House Democrats advanced a plan to partially remove military commanders at service academies from decisions to prosecute sexual assault accusations, instead relying on an independent expert to evaluate the cases.
The move, included as part of the House Armed Services Committee’s annual defense authorization bill, drew significant criticism from House Republicans who said the move will undermine the military justice system and could lead to fewer prosecutions for the crimes.
But Rep. Jackie Speier, D-Calif., head of the committee’s personnel panel and sponsor of the measure, said the changes are needed to restore faith among young service members that their reports of harassment and abuse by classmates will be taken seriously and pursued vigorously.
Cadets at the three academies reported a sharp increase in unwanted sexual encounters in recent years.
“I have spoken to countless survivors who saw their dreams, and bright futures, extinguished after reporting assaults and harassment,” she said. “These amazing candidates, many of them who lead their academy classes in grades and citizenship, deserve a fair and just independent review process.”
A recent review of the military service academies showed that the number of sexual assaults reported by students doubled from 2013 to 2018, even as the reporting rate dropped.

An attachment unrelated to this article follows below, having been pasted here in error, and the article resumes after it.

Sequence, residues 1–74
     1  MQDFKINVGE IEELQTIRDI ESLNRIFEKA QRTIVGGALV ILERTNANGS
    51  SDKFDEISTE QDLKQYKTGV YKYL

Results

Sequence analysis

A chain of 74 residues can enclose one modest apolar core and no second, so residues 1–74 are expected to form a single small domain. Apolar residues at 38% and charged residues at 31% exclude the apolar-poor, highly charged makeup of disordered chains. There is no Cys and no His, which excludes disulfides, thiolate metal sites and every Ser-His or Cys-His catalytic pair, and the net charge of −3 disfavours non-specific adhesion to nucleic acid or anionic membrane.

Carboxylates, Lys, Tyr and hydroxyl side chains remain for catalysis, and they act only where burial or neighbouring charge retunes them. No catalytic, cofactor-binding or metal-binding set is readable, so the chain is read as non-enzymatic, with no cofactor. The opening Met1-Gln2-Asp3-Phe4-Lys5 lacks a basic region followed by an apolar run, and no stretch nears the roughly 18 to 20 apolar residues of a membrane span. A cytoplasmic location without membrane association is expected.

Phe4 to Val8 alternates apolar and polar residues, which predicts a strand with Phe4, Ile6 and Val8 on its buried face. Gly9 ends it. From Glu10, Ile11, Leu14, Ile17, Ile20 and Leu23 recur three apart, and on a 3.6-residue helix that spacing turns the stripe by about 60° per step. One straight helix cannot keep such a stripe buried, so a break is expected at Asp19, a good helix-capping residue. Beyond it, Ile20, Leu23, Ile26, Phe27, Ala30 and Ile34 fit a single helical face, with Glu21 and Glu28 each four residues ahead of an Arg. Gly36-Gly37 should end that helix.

Speier’s plan is a four-year pilot program establishing an independent chief prosecutor to review all sexual assault reports at military academies and determine which cases should be referred to court-martial.
Sexual assault victims’ advocates have pushed for the traditional military chain of command to be removed from those decisions in the past, arguing that senior military leaders are either ill-informed about how to proceed with such cases or inclined to dismiss them to conceal problems in the ranks.
Rep. Michael Turner, R-Ohio, unsuccessfully tried to offer an alternative plan, arguing the new pilot program set a problematic new legal precedent by handling sexual assault cases in the active-duty force differently from ones at the academies.
He and other Repbulican members also argued that the move would de-emphasize commanders’ role in ending sexual assault and harassment instead of holding them accountable for the offenses.
The provision requires the independent official would be a one-star general or admiral with “significant experience prosecuting sexual assault trials” who is independent from the academies.
The move comes amid reports of a spike in sexual assaults in the ranks in recent years.
Before the idea can become reality, the idea must survive negotiations with Republican-controlled Senate, where lawmakers have for years opposed similar proposed moves from Sen. Kirsten Gillibrand, D-N.Y.
Defense Department officials have also strongly objected to the idea, promising their own series of fixes to address the problem of criminal behavior among troops.
The House committee’s authorization bill draft also includes a host of other changes to military sexual assault policies, including expansions of the Special Victims’ Counsel program and new rules for consideration of transfer applications after a sexual assault is reported.